Andrew McDonnell

British student Andrew McDonnell with fellow students at Hanze University

Image: Andrew (top far left) Sinterklass with fellow students in his halls of residence.

University: Hanze University of Applied Sciences, Groningen

Course: BBA in International Business Management Studies

Year: First year

Home Town in UK: Newcastle upon Tyne

1. Why did you choose to study abroad?

It makes you stand out from the crowd. The teaching style is a lot more practical and the numbers of different nationalities and cultures is incredibly interesting and enlightening. A much more unique experience rather than studying an hour away from home ... and there is an element of being 1/6 the price!

2. How would you rate the assistance of the university before you arrived (the application process, finding accommodation, sorting out financial matters)?

Very helpful with accommodation and application. The financing takes a few months to get in place but paying the fees is incredibly easy.

3. How would you rate the assistance of the university when you arrived (orientation etc)?

The university is very efficient and provided an orientation day for the business course which gives you some help if needed, however I wouldn’t recommend going as it leaves you in the country over the weekend without knowing or meeting many people apart from the few small events they put on. They do however try their best to host some other events to help you get to know the city and other people on the same or similar course.

4. Did you feel prepared when you arrived and/or what surprised you?

I felt prepared as I had been on a gap year and was ready to go to university to start my course. I was looking forward to the new experiences and challenges ahead.

5. How would you rate the learning environment (teaching style, studying with other international students, non-native English speaking lecturers)?

The learning environment is interesting, almost like being in a non-compulsory sixth form. Small classes with good contact hours, but they throw you into the study instantly and keep you busy. By mid November, I had already done 3 mid term exams, 5 main exams and a 5000 word group project (passing all).  

The English levels vary, however the University has numerous English exams then classes (for those that failed) helping the students improve their level of written and spoken English throughout the year.

6. Would you recommend studying abroad to a 17-18 year old Brit who might never have thought about it before?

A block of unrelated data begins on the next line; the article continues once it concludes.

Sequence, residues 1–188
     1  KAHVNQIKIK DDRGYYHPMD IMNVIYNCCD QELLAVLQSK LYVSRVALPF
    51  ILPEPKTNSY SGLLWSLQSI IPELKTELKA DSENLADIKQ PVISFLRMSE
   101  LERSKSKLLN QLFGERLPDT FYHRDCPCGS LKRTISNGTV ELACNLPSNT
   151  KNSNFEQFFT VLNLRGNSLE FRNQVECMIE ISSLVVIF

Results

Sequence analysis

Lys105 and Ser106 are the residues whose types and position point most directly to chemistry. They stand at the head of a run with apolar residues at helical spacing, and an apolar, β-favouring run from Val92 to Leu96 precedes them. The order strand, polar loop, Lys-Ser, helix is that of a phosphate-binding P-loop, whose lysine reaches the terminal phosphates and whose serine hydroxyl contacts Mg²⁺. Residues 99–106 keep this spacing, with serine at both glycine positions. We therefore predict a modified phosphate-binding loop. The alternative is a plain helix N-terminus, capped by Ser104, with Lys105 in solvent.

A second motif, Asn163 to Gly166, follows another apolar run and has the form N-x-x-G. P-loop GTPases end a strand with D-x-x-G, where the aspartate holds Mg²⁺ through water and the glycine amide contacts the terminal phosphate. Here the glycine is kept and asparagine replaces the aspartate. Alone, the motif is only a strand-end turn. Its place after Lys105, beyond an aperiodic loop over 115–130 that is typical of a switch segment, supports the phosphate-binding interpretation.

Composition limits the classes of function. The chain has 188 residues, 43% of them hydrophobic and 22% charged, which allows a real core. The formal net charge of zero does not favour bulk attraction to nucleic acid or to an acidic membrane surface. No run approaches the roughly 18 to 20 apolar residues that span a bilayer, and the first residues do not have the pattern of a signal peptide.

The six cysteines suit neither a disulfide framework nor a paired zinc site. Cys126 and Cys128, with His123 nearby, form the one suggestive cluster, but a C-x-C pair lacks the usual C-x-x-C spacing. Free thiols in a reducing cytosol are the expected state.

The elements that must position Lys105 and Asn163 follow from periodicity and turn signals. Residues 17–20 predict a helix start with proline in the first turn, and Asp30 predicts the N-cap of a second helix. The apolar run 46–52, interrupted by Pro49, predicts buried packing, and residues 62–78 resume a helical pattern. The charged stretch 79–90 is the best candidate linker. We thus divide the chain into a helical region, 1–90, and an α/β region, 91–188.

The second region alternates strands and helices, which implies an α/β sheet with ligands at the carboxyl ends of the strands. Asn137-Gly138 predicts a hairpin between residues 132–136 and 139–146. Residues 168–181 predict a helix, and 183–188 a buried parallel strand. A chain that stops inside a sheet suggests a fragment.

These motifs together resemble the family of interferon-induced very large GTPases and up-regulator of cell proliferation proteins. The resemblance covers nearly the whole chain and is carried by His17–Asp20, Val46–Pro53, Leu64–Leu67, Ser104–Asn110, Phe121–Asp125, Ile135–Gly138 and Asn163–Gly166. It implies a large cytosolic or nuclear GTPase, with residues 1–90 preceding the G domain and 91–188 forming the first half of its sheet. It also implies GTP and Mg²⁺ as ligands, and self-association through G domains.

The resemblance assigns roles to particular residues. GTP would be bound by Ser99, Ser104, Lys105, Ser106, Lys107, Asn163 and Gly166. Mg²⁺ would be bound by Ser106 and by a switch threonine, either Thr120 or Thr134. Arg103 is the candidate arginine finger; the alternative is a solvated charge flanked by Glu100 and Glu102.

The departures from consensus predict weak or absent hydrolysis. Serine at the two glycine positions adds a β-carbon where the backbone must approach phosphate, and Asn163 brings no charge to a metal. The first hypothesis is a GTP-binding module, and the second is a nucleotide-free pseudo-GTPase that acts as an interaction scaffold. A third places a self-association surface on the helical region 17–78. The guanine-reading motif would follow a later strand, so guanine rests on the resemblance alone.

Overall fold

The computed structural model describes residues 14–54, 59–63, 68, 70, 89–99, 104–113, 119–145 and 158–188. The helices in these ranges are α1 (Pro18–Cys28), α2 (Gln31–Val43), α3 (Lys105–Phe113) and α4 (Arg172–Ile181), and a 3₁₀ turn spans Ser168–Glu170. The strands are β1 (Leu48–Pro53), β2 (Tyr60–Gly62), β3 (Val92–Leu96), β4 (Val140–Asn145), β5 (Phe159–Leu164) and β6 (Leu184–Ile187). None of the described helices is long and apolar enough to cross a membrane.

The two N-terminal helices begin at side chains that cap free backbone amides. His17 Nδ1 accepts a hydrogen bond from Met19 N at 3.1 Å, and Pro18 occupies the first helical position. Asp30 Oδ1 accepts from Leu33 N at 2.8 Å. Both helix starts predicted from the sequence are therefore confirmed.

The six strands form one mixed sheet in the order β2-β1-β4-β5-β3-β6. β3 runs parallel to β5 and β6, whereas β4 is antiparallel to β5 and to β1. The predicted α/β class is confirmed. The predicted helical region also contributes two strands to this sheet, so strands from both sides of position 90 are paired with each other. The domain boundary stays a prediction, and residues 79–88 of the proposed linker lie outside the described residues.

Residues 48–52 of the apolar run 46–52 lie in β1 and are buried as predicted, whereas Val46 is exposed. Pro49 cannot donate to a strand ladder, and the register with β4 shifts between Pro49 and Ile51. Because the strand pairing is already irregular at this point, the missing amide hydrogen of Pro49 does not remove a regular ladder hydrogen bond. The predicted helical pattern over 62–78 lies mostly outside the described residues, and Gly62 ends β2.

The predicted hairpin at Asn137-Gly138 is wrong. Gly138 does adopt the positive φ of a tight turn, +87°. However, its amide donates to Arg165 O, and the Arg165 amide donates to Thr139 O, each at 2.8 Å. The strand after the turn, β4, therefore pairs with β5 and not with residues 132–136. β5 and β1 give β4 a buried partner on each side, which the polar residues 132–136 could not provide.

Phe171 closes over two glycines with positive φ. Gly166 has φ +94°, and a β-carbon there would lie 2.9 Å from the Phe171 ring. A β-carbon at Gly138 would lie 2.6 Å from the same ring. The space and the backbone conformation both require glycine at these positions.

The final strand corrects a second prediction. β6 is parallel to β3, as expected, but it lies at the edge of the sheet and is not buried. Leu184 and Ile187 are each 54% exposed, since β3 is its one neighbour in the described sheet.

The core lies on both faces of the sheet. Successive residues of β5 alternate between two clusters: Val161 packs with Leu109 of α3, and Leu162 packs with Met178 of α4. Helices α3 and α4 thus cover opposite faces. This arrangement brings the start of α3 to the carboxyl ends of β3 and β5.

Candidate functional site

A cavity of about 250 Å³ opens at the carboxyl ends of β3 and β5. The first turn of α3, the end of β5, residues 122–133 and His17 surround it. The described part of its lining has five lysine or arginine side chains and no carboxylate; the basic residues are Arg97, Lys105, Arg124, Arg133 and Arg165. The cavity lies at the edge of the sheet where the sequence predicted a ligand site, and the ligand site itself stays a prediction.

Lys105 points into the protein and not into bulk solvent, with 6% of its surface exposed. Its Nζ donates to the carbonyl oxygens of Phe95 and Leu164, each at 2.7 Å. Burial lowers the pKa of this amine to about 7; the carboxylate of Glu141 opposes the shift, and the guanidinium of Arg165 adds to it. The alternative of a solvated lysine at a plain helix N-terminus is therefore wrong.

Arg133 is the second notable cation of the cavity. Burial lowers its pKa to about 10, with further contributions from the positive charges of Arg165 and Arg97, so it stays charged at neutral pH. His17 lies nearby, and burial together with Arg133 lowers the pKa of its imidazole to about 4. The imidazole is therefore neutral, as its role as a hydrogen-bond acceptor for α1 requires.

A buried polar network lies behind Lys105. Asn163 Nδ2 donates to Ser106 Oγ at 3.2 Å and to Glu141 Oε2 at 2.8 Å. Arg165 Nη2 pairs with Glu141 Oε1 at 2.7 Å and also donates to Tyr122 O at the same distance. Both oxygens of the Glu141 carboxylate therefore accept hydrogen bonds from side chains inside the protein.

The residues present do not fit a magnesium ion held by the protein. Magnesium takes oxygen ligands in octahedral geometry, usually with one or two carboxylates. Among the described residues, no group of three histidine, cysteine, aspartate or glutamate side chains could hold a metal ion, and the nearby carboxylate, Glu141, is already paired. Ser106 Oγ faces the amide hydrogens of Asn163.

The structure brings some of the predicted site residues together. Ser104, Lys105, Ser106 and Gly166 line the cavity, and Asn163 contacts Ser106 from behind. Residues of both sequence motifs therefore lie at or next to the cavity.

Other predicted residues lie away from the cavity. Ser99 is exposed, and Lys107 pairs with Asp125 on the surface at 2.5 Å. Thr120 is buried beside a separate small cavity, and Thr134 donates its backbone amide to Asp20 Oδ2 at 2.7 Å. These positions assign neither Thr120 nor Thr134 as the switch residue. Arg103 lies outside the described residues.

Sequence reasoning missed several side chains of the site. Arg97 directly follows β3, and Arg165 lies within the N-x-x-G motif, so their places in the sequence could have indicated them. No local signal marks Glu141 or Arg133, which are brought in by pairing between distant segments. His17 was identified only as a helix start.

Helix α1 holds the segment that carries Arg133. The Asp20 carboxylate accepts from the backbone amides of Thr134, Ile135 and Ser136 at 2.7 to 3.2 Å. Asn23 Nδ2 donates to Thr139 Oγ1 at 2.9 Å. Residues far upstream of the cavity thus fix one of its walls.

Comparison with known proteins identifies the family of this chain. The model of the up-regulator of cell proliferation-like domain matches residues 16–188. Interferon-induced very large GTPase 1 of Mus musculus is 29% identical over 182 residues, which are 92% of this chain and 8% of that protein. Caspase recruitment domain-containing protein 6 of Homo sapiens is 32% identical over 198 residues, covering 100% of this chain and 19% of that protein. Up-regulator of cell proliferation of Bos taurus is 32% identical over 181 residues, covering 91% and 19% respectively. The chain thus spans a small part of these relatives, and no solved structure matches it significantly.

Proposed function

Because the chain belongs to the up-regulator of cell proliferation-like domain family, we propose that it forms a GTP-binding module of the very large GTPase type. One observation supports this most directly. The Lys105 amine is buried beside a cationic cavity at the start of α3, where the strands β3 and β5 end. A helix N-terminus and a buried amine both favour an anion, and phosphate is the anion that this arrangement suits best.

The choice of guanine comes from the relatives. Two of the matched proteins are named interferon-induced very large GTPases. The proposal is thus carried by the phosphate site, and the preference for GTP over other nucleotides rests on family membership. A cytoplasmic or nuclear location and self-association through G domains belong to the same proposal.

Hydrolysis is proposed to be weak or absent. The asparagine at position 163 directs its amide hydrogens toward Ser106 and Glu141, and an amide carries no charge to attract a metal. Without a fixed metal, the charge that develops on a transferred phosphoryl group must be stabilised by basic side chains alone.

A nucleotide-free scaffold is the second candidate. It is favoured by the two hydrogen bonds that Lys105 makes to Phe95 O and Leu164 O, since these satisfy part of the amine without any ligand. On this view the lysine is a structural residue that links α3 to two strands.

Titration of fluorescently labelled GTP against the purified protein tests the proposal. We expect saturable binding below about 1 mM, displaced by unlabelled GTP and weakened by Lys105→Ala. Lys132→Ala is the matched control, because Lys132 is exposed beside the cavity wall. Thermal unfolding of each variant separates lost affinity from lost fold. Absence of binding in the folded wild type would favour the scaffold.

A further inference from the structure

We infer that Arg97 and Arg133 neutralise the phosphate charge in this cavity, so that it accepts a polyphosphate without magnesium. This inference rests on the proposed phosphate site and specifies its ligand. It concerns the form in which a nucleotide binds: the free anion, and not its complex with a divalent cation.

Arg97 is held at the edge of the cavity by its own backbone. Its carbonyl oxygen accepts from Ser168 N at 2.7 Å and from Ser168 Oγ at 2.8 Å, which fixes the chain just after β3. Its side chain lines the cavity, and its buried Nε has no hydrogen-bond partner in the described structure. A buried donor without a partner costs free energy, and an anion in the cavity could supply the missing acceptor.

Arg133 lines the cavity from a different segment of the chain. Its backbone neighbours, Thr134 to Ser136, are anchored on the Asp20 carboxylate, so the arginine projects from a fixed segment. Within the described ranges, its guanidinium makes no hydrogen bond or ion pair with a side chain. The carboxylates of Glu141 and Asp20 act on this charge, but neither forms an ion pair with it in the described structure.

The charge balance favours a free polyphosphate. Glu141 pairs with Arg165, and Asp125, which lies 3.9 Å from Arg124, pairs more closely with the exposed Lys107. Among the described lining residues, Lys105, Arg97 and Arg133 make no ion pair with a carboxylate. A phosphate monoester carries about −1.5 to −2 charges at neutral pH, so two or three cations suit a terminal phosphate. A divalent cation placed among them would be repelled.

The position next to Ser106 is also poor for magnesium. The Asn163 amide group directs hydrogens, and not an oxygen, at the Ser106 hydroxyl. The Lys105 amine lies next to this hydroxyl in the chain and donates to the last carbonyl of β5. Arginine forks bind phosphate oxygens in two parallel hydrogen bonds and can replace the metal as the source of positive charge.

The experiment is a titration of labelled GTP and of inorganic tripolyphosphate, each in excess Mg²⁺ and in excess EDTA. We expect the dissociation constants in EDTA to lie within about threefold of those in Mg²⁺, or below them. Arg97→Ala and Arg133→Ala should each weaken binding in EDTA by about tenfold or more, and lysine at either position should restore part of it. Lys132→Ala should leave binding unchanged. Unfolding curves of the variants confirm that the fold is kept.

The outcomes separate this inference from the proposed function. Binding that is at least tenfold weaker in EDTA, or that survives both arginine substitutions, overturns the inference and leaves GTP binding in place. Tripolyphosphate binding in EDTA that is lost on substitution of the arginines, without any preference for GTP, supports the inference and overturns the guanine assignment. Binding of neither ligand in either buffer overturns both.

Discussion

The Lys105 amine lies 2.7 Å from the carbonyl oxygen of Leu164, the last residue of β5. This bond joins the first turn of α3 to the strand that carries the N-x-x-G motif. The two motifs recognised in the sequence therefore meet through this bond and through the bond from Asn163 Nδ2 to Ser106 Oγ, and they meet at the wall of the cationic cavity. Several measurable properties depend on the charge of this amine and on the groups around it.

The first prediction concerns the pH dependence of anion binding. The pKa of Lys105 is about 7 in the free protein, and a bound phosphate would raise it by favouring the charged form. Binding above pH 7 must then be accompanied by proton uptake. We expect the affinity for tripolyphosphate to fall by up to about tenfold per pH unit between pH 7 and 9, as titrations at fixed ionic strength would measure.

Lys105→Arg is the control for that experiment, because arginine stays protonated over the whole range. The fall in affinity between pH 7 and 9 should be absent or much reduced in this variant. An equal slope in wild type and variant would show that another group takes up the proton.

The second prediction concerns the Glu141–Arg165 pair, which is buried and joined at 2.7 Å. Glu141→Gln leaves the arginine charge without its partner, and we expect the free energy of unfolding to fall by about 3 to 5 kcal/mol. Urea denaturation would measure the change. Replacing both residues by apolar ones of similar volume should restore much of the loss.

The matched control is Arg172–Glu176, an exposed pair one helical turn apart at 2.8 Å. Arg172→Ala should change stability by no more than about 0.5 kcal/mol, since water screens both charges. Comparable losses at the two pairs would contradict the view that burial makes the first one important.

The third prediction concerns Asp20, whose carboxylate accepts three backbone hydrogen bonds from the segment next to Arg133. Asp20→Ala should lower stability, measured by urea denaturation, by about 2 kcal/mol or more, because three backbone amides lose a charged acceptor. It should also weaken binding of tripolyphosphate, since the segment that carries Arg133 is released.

I would recommend it to anyone who is looking for something different and who is ready to work. Freshers week isn’t so focused on alcohol and the first year is incredibly important with lots of work, so only go if you wish to work hard! 

It wouldn’t be a bad idea to have a year out before coming, just for the extra maturity and a break from education before diving into study again. There are many 17-19 year olds in the first year so there are plenty of people to relate to, but go in with an open mind, and be ready to experience lots of different cultures!

8. Is there anything you wish someone had told you at the time you applied?

Not to go to the orientation day, 3 days before anything actually happens. Being alone, not knowing anyone in a foreign country for a long weekend isn’t the most pleasant of experiences.

9. Would you recommend your course, university, city to British students?

I would 100% recommend it to British students! Groningen is a lovely little city, very safe, 55,000 students in a city of 200,000 population, so we are everywhere! The University is very helpful and very efficient, but they make sure they don’t hold your hand through the course. They expect you to mature and become independent but provide help when needed.  There are a plethora of sporting and non-sporting activities to do whilst here, and the sport/ gym membership is very cheap. The cost of living here is cheaper than the majority of British cities and the weather is so similar, it makes it feel like home!

The Dutch are also very impressive with their level of English, many of them speaking it better than many English people I know, so don’t worry about it being a foreign country and things getting lost in translation.

10. Anything else you want to share...

Everyone loves an English accent, major bonus! People want to talk to you because you are British.

Nightlife is great in Groningen, no entry fees to bars, the clubs stay open until stupid o’clock and the alcohol is cheap!

Make sure you have a good bike lock and don’t pay more than €60 for a bike, it won't be worth the money for how long it lasts. (On my second after just 2 months, I now have a solid lock and I'm more careful about where I lock it, fingers crossed!)

About A Star Future

A Star Future provides information and guidance to British students looking to pursue their undergraduate studies abroad.

Through our presentations in schools and our websites we aim to ensure that British-educated students are well informed about their choices.

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